The politics of sunken republics
I was a hardcore environmentalist when I started college. I’ve since become more pragmatic. I view environmentalism as the web of interaction between humans and their surroundings.
A text in one college class proposed the term “ecoholism” as a substitute for “environmentalism.” Despite the dreadfulness of the word —I think it sounds like a mental illness— it makes more sense; your environment is, after all, everything in your environs, and ecoholism embraces natural systems. In the perpetual battle of semantics, “ecoholist” has lost out to “environmentalist,” but I’ll leave the semantics to others, such as the “content-free encyclopedia” Uncyclopedia.
One thing that I do recall from that era of my life, besides a sarcastic professorial proclamation of “we’re all environmentalists after an oil spill,” was that the environmental movement emboldened grassroots action.
In other words, normal people could impact— successfully—far-reaching, longstanding policy on environmental issues that they likely could not for, say, U.S pressure on foreign central bank fiscal policies. It is common to see teenage activists at global environmental conferences, as participants, not spectators.
At the same time, environmental challenges can be subtle, like tracking the carbon footprint of a product’s lifecycle, or determining if biofuels help or harm the planet.
The pragmatist in me, however, needs to point out some realities in environmental politics.
First up is American legislative politics. Republicans will make significant gains in this year’s mid-term congressional elections. This is normal; the president’s party loses seats in the House of Representatives and the Senate when he’s not running. It’s the closest thing American federal politics has to a referendum on the president. Sometimes it doesn’t happen, like if the economy is booming, or during a national crisis.
There is no reason to believe that in 2022.
And American Republicans are to the right of other conservative and right-of-center governments on climate change and the environment.
Which brings us back to coal company owner-turned-conservative Democratic Sen. Joe Manchin from West Virginia. The current Democratic power broker describes himself as “all of the above” on energy options. Despite his recent hostility to climate change proposals, he has indicated that he can support climate legislation so long as that legislation reduces the federal budget deficit.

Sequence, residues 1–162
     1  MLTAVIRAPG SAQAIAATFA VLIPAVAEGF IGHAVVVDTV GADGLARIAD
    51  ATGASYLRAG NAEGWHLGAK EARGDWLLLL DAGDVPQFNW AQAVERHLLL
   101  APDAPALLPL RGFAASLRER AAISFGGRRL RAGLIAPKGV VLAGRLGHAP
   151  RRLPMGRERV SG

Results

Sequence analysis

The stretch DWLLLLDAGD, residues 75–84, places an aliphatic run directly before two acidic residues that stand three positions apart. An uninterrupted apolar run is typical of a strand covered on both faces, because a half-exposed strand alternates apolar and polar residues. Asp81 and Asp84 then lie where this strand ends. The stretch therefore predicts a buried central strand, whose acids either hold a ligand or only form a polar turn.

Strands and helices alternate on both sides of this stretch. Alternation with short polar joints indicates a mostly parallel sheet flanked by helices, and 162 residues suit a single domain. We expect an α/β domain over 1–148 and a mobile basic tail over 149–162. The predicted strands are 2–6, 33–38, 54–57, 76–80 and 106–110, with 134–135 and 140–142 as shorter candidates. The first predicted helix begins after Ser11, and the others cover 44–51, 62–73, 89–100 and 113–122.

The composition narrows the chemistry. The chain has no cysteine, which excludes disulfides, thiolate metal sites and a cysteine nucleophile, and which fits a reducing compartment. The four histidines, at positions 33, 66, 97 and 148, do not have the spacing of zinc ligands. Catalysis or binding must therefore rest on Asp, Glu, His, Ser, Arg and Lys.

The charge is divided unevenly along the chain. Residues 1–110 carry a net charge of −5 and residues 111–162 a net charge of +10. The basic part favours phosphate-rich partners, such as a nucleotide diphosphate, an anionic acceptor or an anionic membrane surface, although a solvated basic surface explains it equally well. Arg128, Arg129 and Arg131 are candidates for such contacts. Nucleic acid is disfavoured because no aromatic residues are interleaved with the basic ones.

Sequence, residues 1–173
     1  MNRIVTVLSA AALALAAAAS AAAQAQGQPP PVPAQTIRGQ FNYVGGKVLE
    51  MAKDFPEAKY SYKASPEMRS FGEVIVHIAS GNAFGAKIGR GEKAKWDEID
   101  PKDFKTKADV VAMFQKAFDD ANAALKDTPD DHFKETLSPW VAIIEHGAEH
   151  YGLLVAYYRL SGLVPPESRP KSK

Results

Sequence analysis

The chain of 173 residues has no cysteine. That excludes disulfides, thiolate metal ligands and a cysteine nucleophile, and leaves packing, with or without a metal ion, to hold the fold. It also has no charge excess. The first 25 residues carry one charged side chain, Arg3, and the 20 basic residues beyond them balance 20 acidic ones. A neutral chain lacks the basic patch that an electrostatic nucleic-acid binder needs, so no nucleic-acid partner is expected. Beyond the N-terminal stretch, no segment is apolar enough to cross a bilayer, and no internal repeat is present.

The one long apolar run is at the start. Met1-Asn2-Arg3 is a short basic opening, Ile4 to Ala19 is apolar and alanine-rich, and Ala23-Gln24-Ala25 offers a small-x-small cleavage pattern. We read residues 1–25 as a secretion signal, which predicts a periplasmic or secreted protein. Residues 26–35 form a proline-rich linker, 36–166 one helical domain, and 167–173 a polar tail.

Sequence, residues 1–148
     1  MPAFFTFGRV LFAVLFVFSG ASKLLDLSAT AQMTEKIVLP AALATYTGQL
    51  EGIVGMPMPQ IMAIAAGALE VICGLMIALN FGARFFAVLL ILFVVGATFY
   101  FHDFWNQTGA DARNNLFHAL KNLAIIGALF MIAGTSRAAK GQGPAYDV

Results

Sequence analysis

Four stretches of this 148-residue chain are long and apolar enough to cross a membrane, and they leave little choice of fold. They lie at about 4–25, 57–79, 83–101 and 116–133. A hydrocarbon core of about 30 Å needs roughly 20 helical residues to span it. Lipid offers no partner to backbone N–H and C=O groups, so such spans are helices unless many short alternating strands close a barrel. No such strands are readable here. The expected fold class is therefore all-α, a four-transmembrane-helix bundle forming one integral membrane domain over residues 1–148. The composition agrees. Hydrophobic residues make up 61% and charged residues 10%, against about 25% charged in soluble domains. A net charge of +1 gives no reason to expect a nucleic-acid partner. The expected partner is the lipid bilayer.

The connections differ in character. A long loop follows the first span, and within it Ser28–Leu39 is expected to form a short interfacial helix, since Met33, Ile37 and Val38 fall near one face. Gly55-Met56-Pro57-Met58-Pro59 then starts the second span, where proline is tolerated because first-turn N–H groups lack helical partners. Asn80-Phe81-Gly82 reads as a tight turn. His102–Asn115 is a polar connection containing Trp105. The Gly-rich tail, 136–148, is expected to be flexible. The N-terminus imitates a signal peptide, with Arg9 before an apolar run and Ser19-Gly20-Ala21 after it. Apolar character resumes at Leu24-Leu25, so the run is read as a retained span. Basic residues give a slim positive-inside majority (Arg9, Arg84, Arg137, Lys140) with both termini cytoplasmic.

It’s not far-fetched to say that carbon has friends in American government and will likely get more.
Presidents can do certain things. They can emphasize policies and use executive orders to organize how the federal government will use its resources. But it is up to Congress to make law. That is literally its job. Any new law, or international agreement with the force of law, also known as a treaty, must go through the U.S. Senate, and not just pass, but pass with 66 percent of senators voting for it.
Which means fundamental environmental legislation will be dead in the water. Which brings us to water.
In August, the Pacific Islands Forum passed the Declaration of Preserving Maritime Zones in the Face of Climate Change-Related Sea-Level Rise. Essentially, this creates a permanent addendum to the United Nations Convention on the Law of the Sea (UNCLOS). Under UNCLOS, coastal states can claim a 200-mile exclusive economic zone (EEZ) from the low water mark “baseline,” giving them the right to exploit the resources both in the water and the seabed, with extended rights to seabed resources if certain undersea structures exist. These nations have stated that they will not adjust their baselines, or any measure of territory, even if sea levels rise and their citizens flee.
In other words, these nations swear to remain a nation even if they no longer have land.
It goes without saying that for many small island developing states, or as I continue to call them, “big ocean developing states,” the EEZ dwarfs the landmass. Many island state EEZs are the largest in the world, full of lucrative tuna and undersea minerals.
UNCLOS is a strange creature, and the Forum is both relying on and challenging the Law of the Sea.
Would international law in the form of UNCLOS recognize submerged territory? As the Library of Congress’ Global Legal Monitor stated, “article 121, paragraph 3 of UNCLOS provides that ‘rocks which cannot sustain human habitation or economic life of their own shall have no exclusive economic zone or continental shelf.’”
In other words, a place where a human cannot live might not be something that a displaced nation, or anyone for that matter, can lay claim to. It would become “high seas” under UNCLOS, even if those seas are shallow.
Speaking of displacement, how would citizens of a submerged republic exercise this sovereignty they have kept? Would they continue to be a nation if the entire population emigrated? Suppose the country that accepted them decided to annex whatever maritime claims that nation held, such as a legislative quid pro quo? As in, your people can come here, but we get your sea. Suppose further that the accepting nation has a powerful navy.
I applaud Pacific islands for making this move. We’ll see if other regions, such as the Caribbean, make similar moves. While I am a pragmatist and a realist, I hope that concerted action will leave such questions as questions not in need of an answer.
Gabriel McCoard is an attorney who previously worked in Palau and Chuuk State. He is currently weathering the pandemic stateside. Send feedback to firstname.lastname@example.org.